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• Warren, Dooves, Lugarà, Damstra-Oddy, Schaf, Heine, Walker, & Williams (2020) Decanoic acid inhibits mTORC1 activity independent of glucose and insulin signalling, Proceedings of the National Academy of Science (PNAS), 117 (38) 23617-23625, doi: 10.1073/pnas.2008980117
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Brain Energy Rescue: Effects of a Ketogenic Oral Nutritional Supplement in patients with Mild Cognitive Impairment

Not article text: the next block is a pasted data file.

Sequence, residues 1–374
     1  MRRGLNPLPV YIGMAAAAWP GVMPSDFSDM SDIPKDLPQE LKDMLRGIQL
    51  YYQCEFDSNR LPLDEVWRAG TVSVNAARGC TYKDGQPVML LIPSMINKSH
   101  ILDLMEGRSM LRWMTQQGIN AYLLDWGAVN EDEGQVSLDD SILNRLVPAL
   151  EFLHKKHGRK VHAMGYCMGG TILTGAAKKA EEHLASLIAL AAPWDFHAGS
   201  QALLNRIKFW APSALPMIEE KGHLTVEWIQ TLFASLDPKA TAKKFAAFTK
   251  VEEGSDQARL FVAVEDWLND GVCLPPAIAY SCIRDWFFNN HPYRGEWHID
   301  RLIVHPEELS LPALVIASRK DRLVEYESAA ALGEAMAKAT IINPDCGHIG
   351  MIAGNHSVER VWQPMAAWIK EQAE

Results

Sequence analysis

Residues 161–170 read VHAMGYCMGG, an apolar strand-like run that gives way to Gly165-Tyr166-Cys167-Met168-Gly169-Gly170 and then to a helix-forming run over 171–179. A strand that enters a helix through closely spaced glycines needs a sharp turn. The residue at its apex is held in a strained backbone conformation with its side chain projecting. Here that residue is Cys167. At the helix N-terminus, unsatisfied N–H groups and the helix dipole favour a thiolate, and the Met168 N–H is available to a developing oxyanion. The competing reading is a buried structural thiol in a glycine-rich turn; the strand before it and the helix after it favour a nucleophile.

1 out of 6 people aged 65 and above experiences a decline in memory and thinking ability that exceeds the level expected due to aging: a condition which is referred to as MILD COGNITIVE IMPAIRMENT (MCI). Over 50% of MCI patients progress to Alzheimer Diseases over 5 years, and there is no drug approved to treat MCI. New science paradigm suggests that the decline in brain glucose metabolism is causal to dementia progression, and that ketones, the brain’s main alternative fuel, can rescue the brain energy deficit. Importantly, early intervention in dementia might slow the disease progression. Supporting this view, it has been demonstrated that the decrease in brain glucose metabolism is strongly associated with a decrease in cognitive decline. This correlation is much stronger than the one observed between the increase in brain amyloid protein deposits and the decline in cognition in MCI and Alzheimer’s (AD) patients. This suggest that brain glucose metabolism is a superior indicator of cognitive performance compared to amyloid protein aggregation in Alzheimer’s Disease and Mild Cognitive Impairment. Here we report that an oral nutritional supplement containing a ketogenic medium chain triglyceride (kMCT), BrainXpert Energy Complex, improved cognitive performance over 6 months in MCI patients. The Brain Energy, Functional Imaging, and Cognition (BENEFIC) randomized controlled trial demonstrated that the BrainXpert Energy Complex increased blood and brain ketones, and improved cognition in MCI participants. Improvement in cognition was associated with blood ketone level. While the improvement in performance on the free recall test is predictive of AD diagnosis, the impact on transition from MCI to AD or on the delay of onset remains to be established. New analysis of the white matter fibers (neuron) revealed that the ketone cerebral metabolic rate was increased by about 2 fold by kMCT and correlated with an improvement in processing speed abilities, suggesting that ketones may have a role in myelin integrity in MCI. A secondary data analysis to investigate changes in cardiometabolic markers and peripheral inflammation during the 6-month intervention revealed that kMCT have a minimal effect on an extensive profile of circulating metabolic, fatty acid and inflammatory markers as compared to a placebo calorie-matched drink, supporting the safety of kMCT supplementation in elderly with MCI. These results provide robust support for the concept that brain energy rescue with ketones such as kMCT can improve cognitive outcomes in elderly MCI. Longer clinical studies will determine if a keto-therapeutic intervention can slow disease progression toward AD during the MCI phase.